SIS Operations

Some notable SIS operations include :

  • 1982 - The Falklands Conflict
    During the Falklands conflict, SIS operatives were instrumental in efforts to deny the Argentineans from receiving any more of the deadly French-made Exocet missiles, several of which had already sunk British warships. Posing as arms dealers, the SIS men either bought up all the missiles available on the open and black market or posed as sellers themselves, stringing the Argentines along on wild goose chases.

  • 1980s - Afghanistan
    SIS operatives were active in Afghanistan during the Soviet occupation, assisting the Mujahideen resistance. Activities included supplying the anti-Soviet forces with weapons such as anti-tank missiles and anti-aircraft missiles (at first the largely useless British-built Blowpipe SAMs and later the more effective US-built Stingers). Ex SAS/SBS men were also involved in these operations.

    Other MI6 operations in Afghanistan included obtaining Soviet military equipment from the battlefield for later analysis.

    SIS also arranged for Mujahideen fighters to be trained in heavy weapons on islands off Western Scotland by the SAS Revolutionary Warfare Wing (RWW). The Mujahideen soldiers were shuttled between Scotland and Pakistan by a C-130 operated by the RAF S&D flight, a small cadre of RAF special forces pilots that support SIS/Increment operations.

  • 1991 - Northern Iraq
    The SIS were involved with stirring up an unsuccessful Kurdish rebellion against Saddam Hussein 's regime in the aftermath of the 1991 Gulf War.

  • 1990s - The Balkans
    SIS operations in the former Yugoslavia include directing the SAS and 14 Int on hunting down war criminals.

    more info : Operation Tango
    (Eliteukforces report on one such SAS operation )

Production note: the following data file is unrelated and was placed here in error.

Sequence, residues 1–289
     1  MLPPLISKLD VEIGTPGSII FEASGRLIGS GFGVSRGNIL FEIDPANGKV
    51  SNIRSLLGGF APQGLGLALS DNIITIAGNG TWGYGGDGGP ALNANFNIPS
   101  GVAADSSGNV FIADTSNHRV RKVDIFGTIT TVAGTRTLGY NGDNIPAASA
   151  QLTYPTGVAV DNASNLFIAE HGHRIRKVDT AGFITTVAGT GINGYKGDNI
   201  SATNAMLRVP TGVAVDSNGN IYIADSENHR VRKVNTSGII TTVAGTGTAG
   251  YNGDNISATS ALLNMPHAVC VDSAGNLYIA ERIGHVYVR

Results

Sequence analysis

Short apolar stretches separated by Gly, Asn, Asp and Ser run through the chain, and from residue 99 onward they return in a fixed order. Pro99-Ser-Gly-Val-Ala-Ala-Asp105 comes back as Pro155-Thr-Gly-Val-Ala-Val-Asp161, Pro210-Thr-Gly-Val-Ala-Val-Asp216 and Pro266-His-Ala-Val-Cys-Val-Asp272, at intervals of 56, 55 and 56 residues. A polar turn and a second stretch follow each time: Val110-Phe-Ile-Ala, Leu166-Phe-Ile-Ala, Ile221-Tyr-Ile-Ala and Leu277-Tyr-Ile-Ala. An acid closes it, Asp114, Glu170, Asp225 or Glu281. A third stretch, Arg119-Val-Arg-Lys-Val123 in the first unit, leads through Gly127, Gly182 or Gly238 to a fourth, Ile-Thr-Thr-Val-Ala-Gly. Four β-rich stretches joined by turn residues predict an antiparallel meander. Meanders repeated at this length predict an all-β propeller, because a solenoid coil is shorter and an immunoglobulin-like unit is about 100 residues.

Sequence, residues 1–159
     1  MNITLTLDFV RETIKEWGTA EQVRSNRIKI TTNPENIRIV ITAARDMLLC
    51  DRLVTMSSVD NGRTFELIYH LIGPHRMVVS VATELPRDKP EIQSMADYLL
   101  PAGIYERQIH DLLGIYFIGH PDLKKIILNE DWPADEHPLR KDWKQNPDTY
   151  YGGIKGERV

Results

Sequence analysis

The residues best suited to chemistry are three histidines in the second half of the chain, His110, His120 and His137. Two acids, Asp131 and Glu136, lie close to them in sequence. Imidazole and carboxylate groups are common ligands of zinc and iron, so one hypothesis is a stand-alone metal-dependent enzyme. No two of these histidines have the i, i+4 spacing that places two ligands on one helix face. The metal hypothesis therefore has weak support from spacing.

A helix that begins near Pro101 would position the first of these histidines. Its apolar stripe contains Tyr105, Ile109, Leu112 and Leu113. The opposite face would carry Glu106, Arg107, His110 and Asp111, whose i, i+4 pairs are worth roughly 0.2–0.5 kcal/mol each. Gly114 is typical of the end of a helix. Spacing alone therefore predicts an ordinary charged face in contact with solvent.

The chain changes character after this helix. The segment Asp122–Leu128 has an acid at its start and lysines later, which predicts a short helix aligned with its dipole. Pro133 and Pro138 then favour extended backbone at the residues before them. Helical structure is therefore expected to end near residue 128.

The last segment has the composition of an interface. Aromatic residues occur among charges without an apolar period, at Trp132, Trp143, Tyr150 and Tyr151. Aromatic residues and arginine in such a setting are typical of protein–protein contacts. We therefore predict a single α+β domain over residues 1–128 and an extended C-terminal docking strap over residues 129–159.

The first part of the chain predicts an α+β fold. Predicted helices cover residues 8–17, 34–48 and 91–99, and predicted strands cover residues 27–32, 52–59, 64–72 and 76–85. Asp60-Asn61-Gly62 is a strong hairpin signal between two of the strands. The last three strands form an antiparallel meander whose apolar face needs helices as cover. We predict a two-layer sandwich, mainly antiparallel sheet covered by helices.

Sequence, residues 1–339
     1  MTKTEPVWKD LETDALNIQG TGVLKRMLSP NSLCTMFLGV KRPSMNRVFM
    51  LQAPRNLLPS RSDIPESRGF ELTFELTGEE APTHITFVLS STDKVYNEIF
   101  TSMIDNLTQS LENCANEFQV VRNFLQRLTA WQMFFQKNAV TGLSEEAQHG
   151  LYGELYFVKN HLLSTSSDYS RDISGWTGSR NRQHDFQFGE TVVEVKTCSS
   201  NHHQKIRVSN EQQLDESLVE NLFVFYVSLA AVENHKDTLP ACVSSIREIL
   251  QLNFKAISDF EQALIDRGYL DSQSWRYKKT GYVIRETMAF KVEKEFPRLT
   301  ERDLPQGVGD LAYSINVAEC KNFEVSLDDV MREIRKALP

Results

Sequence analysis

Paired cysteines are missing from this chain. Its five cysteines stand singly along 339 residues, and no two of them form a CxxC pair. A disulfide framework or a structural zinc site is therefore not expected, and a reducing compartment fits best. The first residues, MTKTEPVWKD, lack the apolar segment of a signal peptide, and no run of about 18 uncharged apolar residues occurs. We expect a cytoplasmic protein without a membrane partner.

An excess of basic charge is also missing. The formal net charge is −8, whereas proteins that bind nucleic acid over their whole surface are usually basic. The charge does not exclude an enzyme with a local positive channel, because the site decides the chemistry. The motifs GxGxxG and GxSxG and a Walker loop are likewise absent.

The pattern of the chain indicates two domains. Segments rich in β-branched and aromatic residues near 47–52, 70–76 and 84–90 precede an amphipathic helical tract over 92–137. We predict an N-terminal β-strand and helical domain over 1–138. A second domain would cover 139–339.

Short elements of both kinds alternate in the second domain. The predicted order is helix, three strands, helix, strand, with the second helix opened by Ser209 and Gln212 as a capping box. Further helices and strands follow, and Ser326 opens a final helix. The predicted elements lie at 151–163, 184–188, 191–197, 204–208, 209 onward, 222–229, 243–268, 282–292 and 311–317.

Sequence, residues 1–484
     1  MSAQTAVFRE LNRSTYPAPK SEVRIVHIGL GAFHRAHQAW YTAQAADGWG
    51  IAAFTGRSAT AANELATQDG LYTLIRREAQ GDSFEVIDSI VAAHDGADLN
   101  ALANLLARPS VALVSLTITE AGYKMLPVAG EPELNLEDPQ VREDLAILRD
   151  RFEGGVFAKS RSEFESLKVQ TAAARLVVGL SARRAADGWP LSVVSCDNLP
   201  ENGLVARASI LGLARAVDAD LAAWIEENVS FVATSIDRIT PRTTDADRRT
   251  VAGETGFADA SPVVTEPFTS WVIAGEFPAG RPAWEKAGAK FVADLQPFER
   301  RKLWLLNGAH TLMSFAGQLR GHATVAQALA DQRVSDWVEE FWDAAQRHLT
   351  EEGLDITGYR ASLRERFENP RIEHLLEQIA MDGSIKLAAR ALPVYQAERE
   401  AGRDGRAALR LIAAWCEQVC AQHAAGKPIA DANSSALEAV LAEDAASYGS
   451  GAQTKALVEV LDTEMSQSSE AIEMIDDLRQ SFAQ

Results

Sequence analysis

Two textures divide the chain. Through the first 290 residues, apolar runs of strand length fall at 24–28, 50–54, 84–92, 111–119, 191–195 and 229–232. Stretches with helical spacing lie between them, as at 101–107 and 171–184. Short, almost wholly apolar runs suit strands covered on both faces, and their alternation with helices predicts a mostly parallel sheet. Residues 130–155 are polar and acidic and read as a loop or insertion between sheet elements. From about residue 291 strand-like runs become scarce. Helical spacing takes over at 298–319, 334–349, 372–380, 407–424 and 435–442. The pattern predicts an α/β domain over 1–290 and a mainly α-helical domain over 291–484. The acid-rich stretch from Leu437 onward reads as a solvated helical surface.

SIS operatives also developed contacts within the various factions in the region and facilitated local peace deals.

    It has long been rumoured that the SIS had plans to assassinate the Serb leader, Slobodan Milosevic, by blinding his car's driver with a special flash-gun built into a camera.

  • 2001 - Present - Afghanistan
    The SIS reportedly had men inside Afghanistan within days of the terrorist attacks of September 11th. Protected by a small UKSF team, SIS operatives developed contacts with friendly Afghan forces, paving the way for future military operations. Later in 2001, SIS operatives assisted a Coalition Joint Special Operations Task Force (CJSOTF) of American Delta Force and British SBS commandos in the hunt for Osama Bin Laden in the mountains of Tora Bora. The SIS continues to be active in Afghanistan.

  • 2003 - Present Iraq
    In 2003, with UK forces approaching from the South, SIS operatives were active inside the southern Iraqi city of Basra, creating a network of agents in preparation for the invasion. SIS operatives assisted the SBS in gathering intelligence that aided the UK's entry into the city. They ran agents, snatched prisoners and identified targets for air strikes.

    In post invasion Basra, the SIS provided intel for the SBS in its efforts to track down members of the Baath regime. In one such incident, the SBS called in an air strike on a house that the SIS had identified as the location of Ali Hassan al-Majid, otherwise known as 'Chemical Ali', a most-wanted member of Saddam's regime. Due to communication problems, the raid was not a success, however other air strikes called in by SIS/SBS teams were successful.

    The SIS was to continue to operate in Iraq, providing intelligence for the British forces in the south as well as for SAS Task Force Black in Baghdad.

    more info : Faulty phone wrecked MI6 bid to kill Chemical Ali
    (Telegraph report)

  • 2011 - Libya
    A small SIS/UKSF team were arrested by anti-Gaddafi forces when attempting to make contact with a rebel faction in March 2011, at the onset of the NATO campaign which eventually ousted the dictator from office.
Related Book:
This fascinating memoir by former MI6 spook, Ian Tomlinson, tells of his recruitment by the SIS, various missions and subsequent dismissal and arrest. Features info on his training, including training with the SAS Revolutionary Warfare Wind (RWW), 22 SAS's contribution to 'The Increment'. Comes highly recommended for a rare look into one of Britain's most secretive institutions.

read more / buy at amazon:

The Big Breach: From Top Secret to Maximum Security